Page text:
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Divorce Advice for Men | Fathers Rights Divorce | Child Custody

Providing men with essential divorce advice, fathers rights divorce information and child custody articles. Dads Divorce is a community for men facing divorce or fathers rights issues and run by Cordell and Cordell. Cordell & Cordell is a family law firm with a focus on men's divorce, child custody and fathers rights divorce.
Tags >> Dan Cuneo
Nov 29, 1999

Question:

My ex-husband and I were divorced back in the early 90's. Our divorce agreement has a separate clause regarding college expenses and the responsibility of each party to pay 50/50 for college expenses of the children from the marriage. Five years ago, I took out 2 college loans for our oldest son so that he could attend college. I have submitted the expenses to my ex-husband, but he has not paid anything toward the college expenses. Since this is in the divorce agreement and is a separate clause from the child support, can I take my ex-husband back to court for contempt or is there a statute of limitations in Georgia?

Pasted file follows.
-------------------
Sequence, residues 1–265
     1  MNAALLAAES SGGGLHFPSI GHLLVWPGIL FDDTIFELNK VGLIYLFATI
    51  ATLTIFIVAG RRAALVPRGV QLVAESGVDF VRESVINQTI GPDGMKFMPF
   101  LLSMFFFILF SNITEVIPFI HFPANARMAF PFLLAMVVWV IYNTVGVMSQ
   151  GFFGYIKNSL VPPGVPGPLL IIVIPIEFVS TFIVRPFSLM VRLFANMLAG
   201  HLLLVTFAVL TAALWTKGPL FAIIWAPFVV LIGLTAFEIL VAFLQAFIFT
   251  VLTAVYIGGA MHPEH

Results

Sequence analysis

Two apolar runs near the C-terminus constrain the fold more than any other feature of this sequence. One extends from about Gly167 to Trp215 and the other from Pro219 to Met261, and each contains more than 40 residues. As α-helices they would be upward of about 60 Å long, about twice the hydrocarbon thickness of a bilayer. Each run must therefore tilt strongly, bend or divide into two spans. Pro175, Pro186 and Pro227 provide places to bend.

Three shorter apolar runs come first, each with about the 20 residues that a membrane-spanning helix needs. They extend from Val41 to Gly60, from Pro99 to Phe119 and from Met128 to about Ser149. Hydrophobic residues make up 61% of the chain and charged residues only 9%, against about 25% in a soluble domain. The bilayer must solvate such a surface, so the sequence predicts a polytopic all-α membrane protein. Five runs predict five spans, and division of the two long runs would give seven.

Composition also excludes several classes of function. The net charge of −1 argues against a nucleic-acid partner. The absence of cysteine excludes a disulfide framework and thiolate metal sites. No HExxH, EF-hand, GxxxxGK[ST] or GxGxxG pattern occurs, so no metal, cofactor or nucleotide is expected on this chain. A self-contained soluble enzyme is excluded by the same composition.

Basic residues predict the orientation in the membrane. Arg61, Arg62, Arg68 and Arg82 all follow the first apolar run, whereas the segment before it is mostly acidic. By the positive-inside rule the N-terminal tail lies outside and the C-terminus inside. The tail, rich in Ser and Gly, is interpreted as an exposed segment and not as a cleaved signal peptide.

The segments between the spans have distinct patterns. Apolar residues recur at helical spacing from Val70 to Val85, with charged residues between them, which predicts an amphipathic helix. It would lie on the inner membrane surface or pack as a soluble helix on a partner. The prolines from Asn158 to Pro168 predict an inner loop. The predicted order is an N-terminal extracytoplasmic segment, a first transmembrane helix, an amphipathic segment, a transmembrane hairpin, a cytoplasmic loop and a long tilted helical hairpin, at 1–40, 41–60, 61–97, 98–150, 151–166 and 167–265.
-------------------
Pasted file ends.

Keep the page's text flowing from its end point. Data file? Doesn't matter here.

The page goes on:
Answer:

I am not licensed in Georgia. Laws concerning support and payment of college expenses will differ from state to state so also consult an attorney in your state. You may still be able to enforce the provisions of your divorce decree. However, if you have never asked for or notified your ex of the money he owes, he will not be in contempt. In order to be in contempt you have to show a willful disobedience of the court order. If every semester your ex was given a bill for tuition and refused to pay his share then he may be in contempt. I recommend that you attempt to collect sooner rather than later. There be a limit to amount of time you can enforce your decree.

Nov 29, 1999

Question: